Trust in people and faith in the future
The Eurozone finance ministers launched the 500 billion euro European Stability Mechanism (ESM) in Luxembourg on Monday at the ECOFIN meeting. Meanwhile, at the conference of the Long-term Investors’ Club (LTIC), Vassos Shiarly, Cyprus’ finance minister, said that Europe needs to adopt a growth strategy aimed at boosting investment and promoting competition.
The Long-Term Investors’ Club (LTIC) held its fourth international conference in Luxembourg at the European Investment Bank (EIB). LTIC has 15 members from major institutions around the world, in particular from G20 countries. The Club’s objective is to bring together worldwide institutions, sovereign wealth funds, pension funds, banks, policy makers and others to deliver the message that long-term investment is the key to ensuring financial stability and sustainable growth.
In his opening speech, Cyprus’ finance minister Vassos Shiarly underlined that this year’s LTIC conference comes at a very crucial time for the global economy as the sovereign debt crisis continues to affect many countries, especially the Eurozone states. “Four years after the beginning of the financial crisis, the world economy remains fragile, while unemployment has reached alarming levels. Growth has weakened in many countries, which has put the social and economic fabric under stress. Risks are mounting, public finances are on the edge and uncertainty has intensified. People are suffering and they are exposed to poverty. We need to create trust in people and faith in the future”.
That is why he emphasises that great courage and new initiatives are required: adopting a new growth strategy with policies aimed at boosting investment, freeing up product and labour markets, deregulating business and promoting competition are some of them. Some of these structural reforms will be politically difficult to get through, Mr Shiarly admits, and their benefits need time to become fully apparent. But setting a clear pathway will underpin public confidence in Europe’s long-term growth.
Even more pressing, the labour market is in dire straits. The crisis has left behind a vast number of unemployed people. This situation threatens the livelihood, security and dignity of millions of people across the world. “This crisis will not be over until unemployment decreases significantly. We should not expect that growth alone will create jobs but, rather, we must set job creation as priority using the whole range of policy tools and making the financial sector one that supports the real economy. We must also strengthen social cohesion so that future generations will have the same opportunities that our generation has enjoyed”.
Ulrich Schröder is Chief Executive Officer of Kreditanstalt für Wiederaufbau KWF (Reconstruction Loan Corporation) and President of the Long-term Investors’ Club. He reassured the audience by saying that despite the press reports, Germans have an interest in keeping Europe and the Euro alive and that his countrymen are prepared to do all they can to contribute to that. “We haven’t forgotten what our European and American friends have done after the Hitler period. The same can be said for our reunification period”.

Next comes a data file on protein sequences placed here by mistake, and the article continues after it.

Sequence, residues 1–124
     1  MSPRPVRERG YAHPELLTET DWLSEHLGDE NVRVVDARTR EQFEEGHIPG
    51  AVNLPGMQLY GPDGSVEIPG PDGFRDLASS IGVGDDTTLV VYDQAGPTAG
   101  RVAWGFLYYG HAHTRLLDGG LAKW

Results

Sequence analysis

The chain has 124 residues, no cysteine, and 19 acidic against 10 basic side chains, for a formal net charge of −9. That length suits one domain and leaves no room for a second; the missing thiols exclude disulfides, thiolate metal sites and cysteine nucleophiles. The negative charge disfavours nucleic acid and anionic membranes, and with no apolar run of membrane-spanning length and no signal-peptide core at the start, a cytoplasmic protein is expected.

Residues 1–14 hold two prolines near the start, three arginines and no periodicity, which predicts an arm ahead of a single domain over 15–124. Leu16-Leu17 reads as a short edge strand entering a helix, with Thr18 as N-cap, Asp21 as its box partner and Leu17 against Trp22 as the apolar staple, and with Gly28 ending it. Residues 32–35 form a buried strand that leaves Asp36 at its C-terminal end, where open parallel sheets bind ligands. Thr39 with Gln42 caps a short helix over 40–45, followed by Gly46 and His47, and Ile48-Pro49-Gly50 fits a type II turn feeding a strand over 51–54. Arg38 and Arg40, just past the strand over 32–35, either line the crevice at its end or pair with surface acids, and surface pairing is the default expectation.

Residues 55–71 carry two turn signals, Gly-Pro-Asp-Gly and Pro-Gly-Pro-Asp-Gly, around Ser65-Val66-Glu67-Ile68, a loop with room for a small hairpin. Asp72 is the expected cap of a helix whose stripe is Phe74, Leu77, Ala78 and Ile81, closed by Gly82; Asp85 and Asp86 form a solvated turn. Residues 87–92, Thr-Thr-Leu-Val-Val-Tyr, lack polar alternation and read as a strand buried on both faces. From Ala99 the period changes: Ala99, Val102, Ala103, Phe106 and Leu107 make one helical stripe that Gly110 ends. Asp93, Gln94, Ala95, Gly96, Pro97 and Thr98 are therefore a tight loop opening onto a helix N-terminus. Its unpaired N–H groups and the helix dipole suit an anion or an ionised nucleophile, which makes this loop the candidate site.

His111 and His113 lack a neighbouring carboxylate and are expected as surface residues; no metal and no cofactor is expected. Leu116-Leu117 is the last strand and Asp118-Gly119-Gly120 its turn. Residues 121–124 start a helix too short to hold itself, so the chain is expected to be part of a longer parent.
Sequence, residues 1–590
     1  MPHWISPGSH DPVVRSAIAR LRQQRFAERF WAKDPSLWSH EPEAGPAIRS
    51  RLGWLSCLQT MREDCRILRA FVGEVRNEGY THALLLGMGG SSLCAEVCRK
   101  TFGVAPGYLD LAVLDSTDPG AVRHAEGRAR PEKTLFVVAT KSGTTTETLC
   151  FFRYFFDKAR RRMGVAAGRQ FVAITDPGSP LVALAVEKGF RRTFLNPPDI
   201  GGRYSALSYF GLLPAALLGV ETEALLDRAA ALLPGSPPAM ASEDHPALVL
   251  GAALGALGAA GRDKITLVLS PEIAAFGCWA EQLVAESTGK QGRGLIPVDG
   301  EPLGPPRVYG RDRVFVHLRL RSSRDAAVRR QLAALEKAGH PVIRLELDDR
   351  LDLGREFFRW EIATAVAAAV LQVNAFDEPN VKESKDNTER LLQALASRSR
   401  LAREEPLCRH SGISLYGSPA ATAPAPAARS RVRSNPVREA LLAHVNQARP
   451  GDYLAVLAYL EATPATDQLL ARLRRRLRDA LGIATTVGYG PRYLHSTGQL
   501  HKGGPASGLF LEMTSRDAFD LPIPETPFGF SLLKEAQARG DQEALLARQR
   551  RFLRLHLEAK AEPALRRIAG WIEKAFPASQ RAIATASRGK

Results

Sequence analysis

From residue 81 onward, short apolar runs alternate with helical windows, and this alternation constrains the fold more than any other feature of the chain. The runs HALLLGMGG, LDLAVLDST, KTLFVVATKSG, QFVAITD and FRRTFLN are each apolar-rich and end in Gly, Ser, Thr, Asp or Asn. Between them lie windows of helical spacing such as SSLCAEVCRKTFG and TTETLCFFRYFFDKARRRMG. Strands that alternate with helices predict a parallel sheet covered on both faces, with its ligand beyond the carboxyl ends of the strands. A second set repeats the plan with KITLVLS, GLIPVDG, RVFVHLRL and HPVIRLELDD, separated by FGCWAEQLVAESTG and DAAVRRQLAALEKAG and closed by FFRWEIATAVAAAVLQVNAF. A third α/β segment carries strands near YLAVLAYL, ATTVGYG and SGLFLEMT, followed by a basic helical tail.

The common conviction of the 15 members of the Long Term Investment Club is that long-term financing is needed. Why? Because putting Europe back on the path of sustainable growth requires massive long-term investment in sectors such as infrastructure, small and medium sized enterprises (SME’s), and climate change. Because of the crisis, many public budgets are severely constrained and the capacity to provide long-term financing has diminished.
According to Mr Schröder, he was previously introduced there are two trends that are somewhat worrying. “A lot of banks don’t have a convincing business model and a lot of them are still lacking investor confidence. That has an impact on long-term financing, because if you, as a financial institution, want to finance long-term you have to be able to fund yourself. Regulation is the second development. We see a retraction in banks’ balance sheets with deleveraging. What’s more, banks are retracting from foreign markets and focusing more on their domestic markets. This is not good news because long-term funding is mostly international”.
The LTIC’s goal is to see find out how new investor groups can be persuaded to make long-term funding happen. In order to attract insurance companies, pension funds and wealth funds, its members have to share their analysis with those who want to get involved. Mr Schröder predicts that there will be a split market, with some institutions involved in structuring projects or financing the building phase of the project, and others stepping in once the project is running.
He concluded that whichever way you look at it, new ideas are needed because the demand for long-term investment doesn’t go away. That is why a new balance between supply and demand must be found. CW